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What’s More Important, Depth of Knowledge or Breadth of Knowledge?

Do experts do better in life?

Consider two young professionals:

  • Person 1 started coding in 8th grade. In college, they exempted all their general studies courses because of high school credits. In their single-minded pursuit of obtaining a great job, they went directly into a computer science major, completing it in two years, and graduating at the top of their class.
  • Person 2 had a lot of interests, heading up the mock trial team, working in a restaurant, and leading a study group for environmental science. In college, they spent 2 years undeclared. Ultimately, they majored in business, because it was a broad enough option that could apply to a lot of things.

Which young professional is better poised to take on the future?

Despite what concerned tiger moms and many “choose your lane” academic advisors might lead you to believe, the answer is person 2.

In the new book, Range: Why Generalists Triumph in a Specialized World, author David Epstein cites his research of the world’s top performers, from professional athletes to Nobel laureates, to demonstrate why early specialization is the exception, not the rule, for long-term achievement.

In fact, these high performers often find their paths late; they juggle many interests, and explore a huge breadth of ideas before becoming a high performer. For example, Andrew Mason, the founder of Groupon, has a degree in music. Steve Jobs considered calligraphy to be one of his most fascinating classes.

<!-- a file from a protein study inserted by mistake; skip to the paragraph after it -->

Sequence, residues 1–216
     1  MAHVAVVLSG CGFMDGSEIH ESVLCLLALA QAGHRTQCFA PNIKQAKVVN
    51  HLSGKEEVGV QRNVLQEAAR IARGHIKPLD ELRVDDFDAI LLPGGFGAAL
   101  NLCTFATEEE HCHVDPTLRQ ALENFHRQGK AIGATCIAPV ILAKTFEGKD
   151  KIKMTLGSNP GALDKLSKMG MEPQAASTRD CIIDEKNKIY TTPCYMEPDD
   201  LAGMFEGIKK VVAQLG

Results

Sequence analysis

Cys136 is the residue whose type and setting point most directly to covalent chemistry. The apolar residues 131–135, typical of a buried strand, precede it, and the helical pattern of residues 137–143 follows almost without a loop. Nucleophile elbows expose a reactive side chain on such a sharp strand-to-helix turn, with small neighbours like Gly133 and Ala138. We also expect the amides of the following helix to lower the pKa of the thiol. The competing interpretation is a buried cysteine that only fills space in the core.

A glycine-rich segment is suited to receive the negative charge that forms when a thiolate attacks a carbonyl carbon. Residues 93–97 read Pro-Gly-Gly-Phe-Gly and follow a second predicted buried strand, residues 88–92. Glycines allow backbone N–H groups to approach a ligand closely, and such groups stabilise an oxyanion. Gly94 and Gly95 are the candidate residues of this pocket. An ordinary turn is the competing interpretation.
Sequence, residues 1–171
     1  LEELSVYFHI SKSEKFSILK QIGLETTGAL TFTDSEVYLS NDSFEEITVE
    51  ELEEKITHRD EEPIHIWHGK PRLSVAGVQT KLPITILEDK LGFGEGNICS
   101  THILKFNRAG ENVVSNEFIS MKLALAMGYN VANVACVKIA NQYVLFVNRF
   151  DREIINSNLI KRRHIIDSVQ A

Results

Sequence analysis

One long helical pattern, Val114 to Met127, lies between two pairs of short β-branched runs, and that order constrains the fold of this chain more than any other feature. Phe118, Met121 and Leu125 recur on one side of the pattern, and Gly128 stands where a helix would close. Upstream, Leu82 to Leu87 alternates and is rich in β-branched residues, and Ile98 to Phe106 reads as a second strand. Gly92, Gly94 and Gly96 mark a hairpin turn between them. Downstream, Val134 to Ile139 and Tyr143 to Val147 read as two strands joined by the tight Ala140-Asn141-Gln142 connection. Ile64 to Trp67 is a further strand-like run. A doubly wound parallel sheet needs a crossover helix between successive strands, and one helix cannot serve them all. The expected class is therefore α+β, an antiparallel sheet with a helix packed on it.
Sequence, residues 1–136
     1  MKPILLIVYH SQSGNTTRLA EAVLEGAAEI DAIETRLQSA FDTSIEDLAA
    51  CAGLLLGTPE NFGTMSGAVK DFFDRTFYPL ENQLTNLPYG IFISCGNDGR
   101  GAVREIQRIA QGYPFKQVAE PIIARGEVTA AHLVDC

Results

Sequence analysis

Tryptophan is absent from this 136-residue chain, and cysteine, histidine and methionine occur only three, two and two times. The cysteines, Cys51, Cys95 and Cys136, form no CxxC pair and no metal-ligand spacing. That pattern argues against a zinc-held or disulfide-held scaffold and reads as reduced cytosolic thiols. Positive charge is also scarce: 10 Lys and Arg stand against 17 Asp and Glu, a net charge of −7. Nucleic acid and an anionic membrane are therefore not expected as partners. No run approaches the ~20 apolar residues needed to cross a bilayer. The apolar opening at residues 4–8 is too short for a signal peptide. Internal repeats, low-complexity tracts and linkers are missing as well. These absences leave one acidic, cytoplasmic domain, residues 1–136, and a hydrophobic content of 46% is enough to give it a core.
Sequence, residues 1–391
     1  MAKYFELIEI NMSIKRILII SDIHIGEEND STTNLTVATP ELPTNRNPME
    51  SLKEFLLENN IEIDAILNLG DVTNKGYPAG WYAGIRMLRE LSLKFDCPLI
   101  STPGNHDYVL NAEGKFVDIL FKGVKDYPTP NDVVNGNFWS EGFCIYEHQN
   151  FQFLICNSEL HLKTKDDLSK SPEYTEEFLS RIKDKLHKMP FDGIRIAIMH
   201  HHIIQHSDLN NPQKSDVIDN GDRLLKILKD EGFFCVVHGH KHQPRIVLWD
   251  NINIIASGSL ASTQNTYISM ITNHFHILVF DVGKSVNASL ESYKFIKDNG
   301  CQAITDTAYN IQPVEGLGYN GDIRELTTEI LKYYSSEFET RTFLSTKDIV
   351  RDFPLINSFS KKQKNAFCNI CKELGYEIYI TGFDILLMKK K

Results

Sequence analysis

Epstein argues that these high achievers don’t succeed despite their creative tangents, they succeed because of them.

I don’t know about you, but I had no idea what I wanted to do when I was 18. I didn’t even know when I was 28. Throughout my life, I’ve worked as a sales manager for a big company, I spent time on a remote farm in Australia, I’ve written a humor book, I’ve taken time off to parent, I bought a commercial sign company, and I was the president of my church.

None of these things would be considered “boxes to check” on the road to sales leadership author and business owner, but those experiences are why I am where I am. They contributed, in a million little ways, that I could not identify at the time, to becoming a better leader.

The need for a diverse skillset is also echoed in LinkedIn’s latest research around the most in-demand skills in the work place. Topping the list of soft skills are creativity, persuasion, collaboration, and adaptability.

The number one “hard skill” was Blockchain, which wasn’t even invented until 2009.

The Internet has a multitude of opinions around what the future of work will look like. But it’s important to remember that all of these positions are just that: opinions. No one knows for sure.

What we do know, however, is skills like creativity, critical thinking, and the ability to connect with others aren’t going anywhere.

Filling young people with anxiety around “picking a lane” is not productive. In fact, it’s debatably harmful.

According to Epstein “People who think broadly and embrace diverse experiences and perspectives will increasingly thrive.”

So, if your college freshman came home over the holidays and told you how much they love calligraphy or how interesting their philosophy class was, unclench the knot in your stomach and embrace the journey.